Janesville50.2°

Local unemployment statistics, job fair turnout starting to generate optimism

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Jim Leute
September 30, 2012

— Bob Borremans was encouraged by what he didn't see last week outside the Rock County Job Center in Janesville.

There was no line of people waiting to get into the center's semiannual job fair.

"That's a good thing," said Borremans, executive director of Southwest Wisconsin Workforce Development Board, which runs the local job center.

Borremans' observations at Wednesday's job fair—attended by about 700 jobseekers and more than 40 area employers—is anecdotal. Past fairs have attracted up to 1,500 people.

"It was a great job fair," he said. "We had one guy come in, get a job and start work later that day. We had seven veterans get job offers and 14 others leave with interviews scheduled."

For more solid evidence of Rock County's economic recovery, Borremans turns to recent employment statistics.

The state Department of Workforce Development said Wednesday that the unemployment rate for the Janesville Metropolitan Statistical Area, which includes all of Rock County, fell from 8.9 percent in July to 8.6 percent in August.

In addition, the area's labor force grew in July to its highest level in two years, according to the most recent reports from the U.S. Bureau of Labor Statistics.

The number of people holding jobs reached 73,156, a mark unachieved in two years.

Make no mistake, the local area is still several thousand jobs short of the years before the Great Recession. There still are 3,500 more people unemployed than in October 2006.

Borremans, however, finds solace in the fact that Rock County has added more than 3,500 jobs so far this year.

"We're still struggling, but things appear to be getting better in the Janesville area," he said.

Borremans said workforce growth is significant. In the past, the labor force dipped as people too frustrated by the job landscape stopped looking for work. In doing so, they were not counted in official statistics as being unemployed and in search of work.

"I think people are becoming more confident with how things are looking, and they're re-entering the workforce," Borremans said. "If you ask me to forecast whether that will increase or decrease in the next few months, I think it will improve, but that's pure guesswork on my part."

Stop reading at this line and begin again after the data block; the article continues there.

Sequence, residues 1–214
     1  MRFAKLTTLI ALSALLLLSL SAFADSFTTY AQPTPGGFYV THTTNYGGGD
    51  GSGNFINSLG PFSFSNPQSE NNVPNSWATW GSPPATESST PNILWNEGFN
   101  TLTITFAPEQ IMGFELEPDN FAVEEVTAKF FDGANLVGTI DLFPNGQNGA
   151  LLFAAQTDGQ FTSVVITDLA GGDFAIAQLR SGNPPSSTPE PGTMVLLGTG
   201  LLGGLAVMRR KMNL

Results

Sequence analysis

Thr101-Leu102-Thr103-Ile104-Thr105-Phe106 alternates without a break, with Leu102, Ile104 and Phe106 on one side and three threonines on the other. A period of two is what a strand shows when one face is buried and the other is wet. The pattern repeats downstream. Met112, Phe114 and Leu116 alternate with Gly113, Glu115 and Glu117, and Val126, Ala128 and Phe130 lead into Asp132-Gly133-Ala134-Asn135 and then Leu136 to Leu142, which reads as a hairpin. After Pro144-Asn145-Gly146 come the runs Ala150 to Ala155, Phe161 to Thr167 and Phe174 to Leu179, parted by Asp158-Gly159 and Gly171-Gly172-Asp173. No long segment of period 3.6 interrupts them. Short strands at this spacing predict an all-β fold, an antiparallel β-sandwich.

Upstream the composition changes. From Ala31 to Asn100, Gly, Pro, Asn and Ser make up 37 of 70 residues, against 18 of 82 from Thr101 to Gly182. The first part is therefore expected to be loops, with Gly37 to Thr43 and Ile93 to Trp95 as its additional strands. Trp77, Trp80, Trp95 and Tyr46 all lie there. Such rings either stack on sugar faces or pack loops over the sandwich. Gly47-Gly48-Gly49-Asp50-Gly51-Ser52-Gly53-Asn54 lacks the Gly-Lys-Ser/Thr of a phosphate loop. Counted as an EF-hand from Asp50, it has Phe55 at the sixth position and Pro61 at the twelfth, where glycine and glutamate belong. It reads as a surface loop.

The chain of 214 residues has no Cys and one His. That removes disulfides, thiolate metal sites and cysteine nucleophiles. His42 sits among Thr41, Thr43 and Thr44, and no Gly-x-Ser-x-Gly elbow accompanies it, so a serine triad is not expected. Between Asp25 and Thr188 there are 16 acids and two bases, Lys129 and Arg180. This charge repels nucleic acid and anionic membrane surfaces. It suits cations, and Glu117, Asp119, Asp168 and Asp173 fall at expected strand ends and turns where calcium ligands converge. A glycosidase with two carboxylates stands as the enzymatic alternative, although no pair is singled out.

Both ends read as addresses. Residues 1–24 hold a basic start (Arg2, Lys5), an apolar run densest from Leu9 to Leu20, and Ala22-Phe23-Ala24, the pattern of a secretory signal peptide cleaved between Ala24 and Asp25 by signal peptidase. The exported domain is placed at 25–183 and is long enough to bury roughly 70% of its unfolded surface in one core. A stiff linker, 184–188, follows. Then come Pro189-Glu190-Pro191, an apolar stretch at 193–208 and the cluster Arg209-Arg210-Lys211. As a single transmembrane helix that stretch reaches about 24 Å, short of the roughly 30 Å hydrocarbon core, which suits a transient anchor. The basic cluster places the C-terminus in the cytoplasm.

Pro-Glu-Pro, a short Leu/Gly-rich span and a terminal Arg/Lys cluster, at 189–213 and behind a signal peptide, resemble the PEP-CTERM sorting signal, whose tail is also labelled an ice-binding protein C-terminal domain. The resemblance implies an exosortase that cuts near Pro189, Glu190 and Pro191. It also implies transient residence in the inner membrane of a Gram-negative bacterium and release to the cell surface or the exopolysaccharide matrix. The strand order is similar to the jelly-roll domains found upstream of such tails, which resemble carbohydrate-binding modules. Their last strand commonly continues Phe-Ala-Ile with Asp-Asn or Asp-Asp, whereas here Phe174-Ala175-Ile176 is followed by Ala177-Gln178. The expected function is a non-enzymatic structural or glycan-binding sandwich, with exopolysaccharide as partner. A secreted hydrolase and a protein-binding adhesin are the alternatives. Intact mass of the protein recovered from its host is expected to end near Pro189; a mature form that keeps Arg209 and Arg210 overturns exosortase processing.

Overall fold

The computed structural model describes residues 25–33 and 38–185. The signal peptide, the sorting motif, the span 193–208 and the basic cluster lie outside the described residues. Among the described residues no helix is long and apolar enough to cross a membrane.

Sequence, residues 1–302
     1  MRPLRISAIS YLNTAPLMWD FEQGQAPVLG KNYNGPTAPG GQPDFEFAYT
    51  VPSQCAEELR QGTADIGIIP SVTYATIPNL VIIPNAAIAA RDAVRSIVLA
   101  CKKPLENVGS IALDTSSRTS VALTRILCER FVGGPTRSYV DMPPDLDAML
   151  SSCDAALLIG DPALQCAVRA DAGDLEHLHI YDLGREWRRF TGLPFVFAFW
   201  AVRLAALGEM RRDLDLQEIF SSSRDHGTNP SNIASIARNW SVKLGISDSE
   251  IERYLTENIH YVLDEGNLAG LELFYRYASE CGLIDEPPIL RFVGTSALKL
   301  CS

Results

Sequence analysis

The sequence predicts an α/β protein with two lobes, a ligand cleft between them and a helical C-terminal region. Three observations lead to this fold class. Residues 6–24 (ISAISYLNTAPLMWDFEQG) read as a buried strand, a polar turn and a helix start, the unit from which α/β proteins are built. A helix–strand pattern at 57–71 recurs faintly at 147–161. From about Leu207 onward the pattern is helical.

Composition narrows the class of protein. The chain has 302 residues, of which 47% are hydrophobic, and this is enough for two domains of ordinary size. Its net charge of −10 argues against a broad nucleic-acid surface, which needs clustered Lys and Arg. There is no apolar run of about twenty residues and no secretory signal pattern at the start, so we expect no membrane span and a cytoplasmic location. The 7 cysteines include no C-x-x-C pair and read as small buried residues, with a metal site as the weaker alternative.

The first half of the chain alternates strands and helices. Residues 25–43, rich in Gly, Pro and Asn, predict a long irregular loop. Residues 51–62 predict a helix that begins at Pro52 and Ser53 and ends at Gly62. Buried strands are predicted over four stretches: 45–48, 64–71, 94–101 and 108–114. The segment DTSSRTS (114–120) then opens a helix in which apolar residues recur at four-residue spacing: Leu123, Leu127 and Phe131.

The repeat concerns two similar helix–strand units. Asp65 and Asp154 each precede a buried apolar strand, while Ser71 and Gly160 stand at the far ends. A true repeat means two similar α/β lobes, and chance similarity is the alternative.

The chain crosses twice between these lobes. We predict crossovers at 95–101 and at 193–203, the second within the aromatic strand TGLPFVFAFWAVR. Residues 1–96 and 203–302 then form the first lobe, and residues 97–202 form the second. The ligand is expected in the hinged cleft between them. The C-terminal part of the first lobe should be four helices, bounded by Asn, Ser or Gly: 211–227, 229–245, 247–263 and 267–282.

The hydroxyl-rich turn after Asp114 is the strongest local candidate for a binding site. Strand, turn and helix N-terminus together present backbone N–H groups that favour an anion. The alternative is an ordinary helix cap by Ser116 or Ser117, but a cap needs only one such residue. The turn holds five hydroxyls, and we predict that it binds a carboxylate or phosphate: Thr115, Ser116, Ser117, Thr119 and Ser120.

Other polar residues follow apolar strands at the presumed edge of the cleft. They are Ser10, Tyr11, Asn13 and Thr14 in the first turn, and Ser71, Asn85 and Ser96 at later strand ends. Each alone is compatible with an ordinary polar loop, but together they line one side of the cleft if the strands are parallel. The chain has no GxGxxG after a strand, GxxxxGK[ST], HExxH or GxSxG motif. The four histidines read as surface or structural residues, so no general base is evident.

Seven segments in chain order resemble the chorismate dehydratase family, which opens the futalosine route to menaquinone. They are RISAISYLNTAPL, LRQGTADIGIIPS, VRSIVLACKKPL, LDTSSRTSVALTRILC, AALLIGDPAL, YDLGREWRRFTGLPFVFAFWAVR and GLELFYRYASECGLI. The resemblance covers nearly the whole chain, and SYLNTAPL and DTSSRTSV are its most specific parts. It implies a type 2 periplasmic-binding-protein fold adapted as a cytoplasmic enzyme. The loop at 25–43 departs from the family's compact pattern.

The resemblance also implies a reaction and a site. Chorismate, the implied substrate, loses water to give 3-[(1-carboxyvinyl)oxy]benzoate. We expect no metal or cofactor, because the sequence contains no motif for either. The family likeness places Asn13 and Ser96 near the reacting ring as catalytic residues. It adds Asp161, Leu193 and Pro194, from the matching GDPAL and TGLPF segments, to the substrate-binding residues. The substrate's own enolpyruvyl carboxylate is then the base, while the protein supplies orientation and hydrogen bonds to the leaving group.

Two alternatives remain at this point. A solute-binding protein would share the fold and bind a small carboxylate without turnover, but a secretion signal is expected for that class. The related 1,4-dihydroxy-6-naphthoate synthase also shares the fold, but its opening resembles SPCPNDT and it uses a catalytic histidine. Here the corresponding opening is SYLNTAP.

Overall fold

Optimism on the floor

Kenton Oslowski is one of those displaced workers with more confidence. The 27-year-old hasn't stopped looking for a job since moving to Janesville more than two years ago.

"I am seeing more opportunities, and it seems like there are less people here today," he said Wednesday at the job fair, the third such event he's attended. "I hope my odds are improving."

Wednesday's event included several staffing agencies and institutions of higher learning. It also included several area employers with multiple job openings.

One of those was MPC, a Walworth-based maker of thermoplastic components that is expanding its operation to Janesville and plans to add at least 90 jobs in the next three years. The company is leasing 325,000 square feet at the Helgesen Industrial Center, 2929 Venture Drive.

Amy Hansen, the company's recruitment and development specialist, was manning the company's booth Wednesday, explaining the operation and handing out applications.

She said MPC initially will hire for about 25 positions in Janesville, but internal transfers from the Walworth plant could fill some of those. That still creates jobs openings in the area, she said, and as the Janesville plant moves toward two shifts, each could support 30 production-type jobs.

Hansen reported brisk interest Wednesday for competitively paying jobs that likely won't start until November.

"Some people aren't sure if they want to wait until then for a job, and because we require one or two months of training in Walworth, transportation is an issue for some people," she said.

Elsewhere on the floor, Data Dimensions was taking applications for several data processing and capture positions, and Stoughton Trailers was looking for assemblers, welders, painters, machine operators and quality monitors for its Brodhead and Stoughton facilities.

Skills gap still looms

Several companies were reeling in applications, which begs the question: why the disconnect between employers with jobs to fill and people looking for jobs?

Borremans and others have said it's because today's jobs—whether in manufacturing or other industries—demand more technical skills.

"There are those people who went to school years ago and maybe struggled or maybe just had a high school degree without any interest in going beyond that," he said. "We told them that's what they needed to do to get a good job.

"Now, they are either not hearing us or not believing us when we say you've got to go back for some more training. These days, you just can't do some of the technical manufacturing jobs with a high school degree."

Borremans said conversations with employers generated the sense that candidates came to the fair more job-ready.

Borremans is a fan of short-term, job-specific training, which he said is becoming more accepted and adopted at the technical school level.

"We need to get away from training for occupation and start training for jobs, and we need to get people in and out much sooner," he said. "Employers are also going to have to recognize that there are certain skills their employees need and find ways to train their own.

"The apprenticeship model that many of these companies are adopting works great. They get people working and learning on the job, but they also get them into the classroom periodically to pick up additional skills and knowledge."


 
 

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